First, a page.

Climate change is expected to intensify and accelerate natural cycles such as the El Niño phenomenon, which affects the Indian Ocean, Australia, and Indonesia as well as the coastal regions of Peru and Ecuador. Predicting the onset of El Niño and taking precautionary measures to limit the damage caused is clearly of fundamental importance. Peter B. Urich, Liza Quirog, and William Granert describe a successful intervention in the island province of Bohol in the Philippines which built on adaptive community-based resource management, ensuring not only that information was communicated in a timely manner, but also that communities were able to assimilate and act on it.
Two further contributions focus on Latin America. Jutta Gutberlet describes the many challenges faced by a network of waste-recycling co-operatives in São Paulo, ranging from their lack of working capital to the bureaucratic and logistical obstacles preventing their access to micro loans; their lack of organisational skills and experience; stigmatisation and police harassment; and the ubiquitous intermediaries who all want a cut. Worldwide, recycling performs an increasingly important social and environmental function, as well as generating employment, particularly for unskilled and semi-skilled workers. With the right support, collective recycling efforts can also increase people’s social skills, as well as providing a source of income; without this, it will remain a marginal activity undertaken by marginalised sectors. In the rural context, Ruerd Ruben, Ricardo Fort, and Guillermo Zúñiga-Arias assess the impact of Fair Trade on co-operatives of coffee and banana producers in Peru and Costa Rica. Some of the impacts are direct and tangible, in the form of increased earning potential; others are less immediate, such as increased organisational skills and, importantly, the ability to obtain credit and other inputs. At the same time, ever more plantations and multinationals are obtaining Fair Trade-like certification, and this is changing the configuration of the global market in relation to small producers. Finally, Katie Wright and Kasturi Sen report on a series of workshops held in various regions of the world to pool information and share concerns and analysis about the worrying effects of counter-terror legislation on civil-society organisations, and on the prospects for equitable development, both within countries and internationally.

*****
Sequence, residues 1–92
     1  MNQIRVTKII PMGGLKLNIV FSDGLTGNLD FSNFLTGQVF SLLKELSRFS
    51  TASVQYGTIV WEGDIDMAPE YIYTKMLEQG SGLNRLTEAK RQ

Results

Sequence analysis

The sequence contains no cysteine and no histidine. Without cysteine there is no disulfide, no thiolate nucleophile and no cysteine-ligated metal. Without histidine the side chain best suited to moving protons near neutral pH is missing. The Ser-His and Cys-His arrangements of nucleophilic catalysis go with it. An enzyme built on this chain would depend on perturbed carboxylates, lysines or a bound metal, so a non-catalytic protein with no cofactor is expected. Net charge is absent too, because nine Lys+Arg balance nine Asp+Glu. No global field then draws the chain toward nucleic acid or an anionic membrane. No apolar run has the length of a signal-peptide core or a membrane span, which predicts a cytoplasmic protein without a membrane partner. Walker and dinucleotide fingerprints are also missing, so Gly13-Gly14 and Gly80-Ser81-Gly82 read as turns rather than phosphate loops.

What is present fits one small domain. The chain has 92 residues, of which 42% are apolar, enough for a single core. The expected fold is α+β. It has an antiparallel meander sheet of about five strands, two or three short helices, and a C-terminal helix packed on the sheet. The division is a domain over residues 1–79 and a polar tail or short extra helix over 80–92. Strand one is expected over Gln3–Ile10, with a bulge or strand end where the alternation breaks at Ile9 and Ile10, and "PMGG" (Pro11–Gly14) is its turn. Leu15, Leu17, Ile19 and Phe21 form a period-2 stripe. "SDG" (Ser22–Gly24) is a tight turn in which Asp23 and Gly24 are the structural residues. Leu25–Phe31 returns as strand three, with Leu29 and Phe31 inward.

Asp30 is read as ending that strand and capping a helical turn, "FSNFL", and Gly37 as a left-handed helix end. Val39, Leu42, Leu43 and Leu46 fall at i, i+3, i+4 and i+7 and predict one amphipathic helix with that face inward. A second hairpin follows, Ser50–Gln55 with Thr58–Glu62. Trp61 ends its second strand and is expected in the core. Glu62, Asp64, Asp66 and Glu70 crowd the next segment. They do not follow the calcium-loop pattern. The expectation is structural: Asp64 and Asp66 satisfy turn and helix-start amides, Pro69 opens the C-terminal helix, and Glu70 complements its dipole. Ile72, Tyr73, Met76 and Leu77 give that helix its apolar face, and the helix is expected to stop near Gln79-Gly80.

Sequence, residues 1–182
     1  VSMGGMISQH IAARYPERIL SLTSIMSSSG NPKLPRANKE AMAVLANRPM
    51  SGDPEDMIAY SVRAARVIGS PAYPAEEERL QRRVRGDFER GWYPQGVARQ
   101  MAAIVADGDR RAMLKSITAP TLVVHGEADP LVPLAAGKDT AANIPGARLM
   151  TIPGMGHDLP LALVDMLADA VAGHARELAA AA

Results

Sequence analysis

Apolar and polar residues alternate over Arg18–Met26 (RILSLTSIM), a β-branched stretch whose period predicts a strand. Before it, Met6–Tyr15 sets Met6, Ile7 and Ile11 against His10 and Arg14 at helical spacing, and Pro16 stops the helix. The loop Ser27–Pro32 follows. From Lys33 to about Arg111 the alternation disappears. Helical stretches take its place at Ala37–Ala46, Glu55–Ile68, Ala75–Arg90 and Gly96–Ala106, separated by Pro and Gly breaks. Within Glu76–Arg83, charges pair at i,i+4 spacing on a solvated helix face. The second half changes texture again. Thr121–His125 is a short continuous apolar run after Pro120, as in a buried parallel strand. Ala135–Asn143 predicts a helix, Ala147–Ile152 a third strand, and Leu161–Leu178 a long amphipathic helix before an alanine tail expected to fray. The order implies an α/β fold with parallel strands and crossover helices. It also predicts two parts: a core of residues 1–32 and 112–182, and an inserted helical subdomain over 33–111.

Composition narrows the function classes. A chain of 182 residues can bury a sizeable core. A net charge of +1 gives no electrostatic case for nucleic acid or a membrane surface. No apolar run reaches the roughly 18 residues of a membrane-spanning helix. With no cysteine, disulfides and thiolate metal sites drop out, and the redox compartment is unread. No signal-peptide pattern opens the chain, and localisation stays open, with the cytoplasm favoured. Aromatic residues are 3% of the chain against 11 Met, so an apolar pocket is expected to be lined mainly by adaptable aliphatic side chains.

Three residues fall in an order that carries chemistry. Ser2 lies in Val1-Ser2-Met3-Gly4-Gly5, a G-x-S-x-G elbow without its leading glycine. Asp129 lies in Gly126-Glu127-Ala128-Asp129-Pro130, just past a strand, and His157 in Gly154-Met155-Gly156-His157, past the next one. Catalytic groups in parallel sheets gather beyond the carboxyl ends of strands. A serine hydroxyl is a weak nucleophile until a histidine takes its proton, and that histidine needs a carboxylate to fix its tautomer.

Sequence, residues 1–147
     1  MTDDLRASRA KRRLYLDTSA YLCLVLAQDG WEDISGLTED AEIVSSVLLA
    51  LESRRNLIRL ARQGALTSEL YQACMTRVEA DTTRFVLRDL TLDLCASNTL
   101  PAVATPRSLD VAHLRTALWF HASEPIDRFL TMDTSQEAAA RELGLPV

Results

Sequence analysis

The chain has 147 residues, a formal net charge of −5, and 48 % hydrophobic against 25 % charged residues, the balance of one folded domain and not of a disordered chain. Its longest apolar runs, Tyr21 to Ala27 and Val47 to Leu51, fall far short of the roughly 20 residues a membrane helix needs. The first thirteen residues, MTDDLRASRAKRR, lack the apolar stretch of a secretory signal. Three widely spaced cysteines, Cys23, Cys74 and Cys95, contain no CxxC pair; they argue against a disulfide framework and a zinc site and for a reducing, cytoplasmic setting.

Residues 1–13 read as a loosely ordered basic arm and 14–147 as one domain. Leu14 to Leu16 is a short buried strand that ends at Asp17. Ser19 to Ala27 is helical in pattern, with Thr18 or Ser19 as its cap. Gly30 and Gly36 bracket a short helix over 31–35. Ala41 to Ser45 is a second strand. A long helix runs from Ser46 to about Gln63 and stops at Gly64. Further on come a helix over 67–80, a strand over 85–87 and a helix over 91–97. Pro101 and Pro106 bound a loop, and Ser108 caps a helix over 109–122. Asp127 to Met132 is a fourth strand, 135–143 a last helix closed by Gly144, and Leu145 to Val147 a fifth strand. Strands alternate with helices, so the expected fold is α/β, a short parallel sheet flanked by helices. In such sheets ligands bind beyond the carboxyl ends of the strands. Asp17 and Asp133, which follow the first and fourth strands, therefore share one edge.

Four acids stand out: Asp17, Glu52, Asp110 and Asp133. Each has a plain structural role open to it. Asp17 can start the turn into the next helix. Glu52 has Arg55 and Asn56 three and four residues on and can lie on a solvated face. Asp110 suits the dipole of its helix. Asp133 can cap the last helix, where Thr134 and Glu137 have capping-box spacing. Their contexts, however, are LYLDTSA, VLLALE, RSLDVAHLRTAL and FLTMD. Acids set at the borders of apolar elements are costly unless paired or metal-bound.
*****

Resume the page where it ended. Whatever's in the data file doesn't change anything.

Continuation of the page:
While many of the contributions in this issue focus on Latin America, the questions raised have resonance for those working in any geographical setting in which issues of polarisation are a daily reality (whether on economic, ethnic, or gender grounds, or because of other forms of discrimination), and where deep social divisions increase the prospect of armed conflict or repression, or have indeed already done so.
1. Mompati and Prinsen (2000: 630) illustrate the literal suppression of inconvenient knowledge during a PRA pilot project in which ‘one particular woman from a subordinate ethnic group spoke out loudly against the discriminatory practices of the dominant group. It was evident that she was breaking gender and ethnic rules by a serious intake of alcohol, but quite a number of the other participants were also quite inebriated. The
quickly pointed at a policeman, who took the woman by the arm, lifted her off the ground, and brought her to the shade of a tree about 50 metres from the meeting place. Thereafter the meeting continued as though nothing had happened.’
Anacleti, Odhiambo (1993) ‘Research into local culture: implications for participatory development’, Development in Practice 3 (1): 44–7.
Jackson, Cecile (1997) ‘Development work at the sharp end: field-worker agency in a participatory project’, Development in Practice 7 (3): 237–47.
Mompati, Tlamelo and Gerard Prinsen (2000) ‘Ethnicity and participatory development methods in Botswana: some participants are to be seen and not heard’, Development in Practice 10 (5): 625–37.
White, Sarah C. (1996) ‘Depoliticising development: the uses and abuses of participation’, Development in Practice 6 (1): 6–15.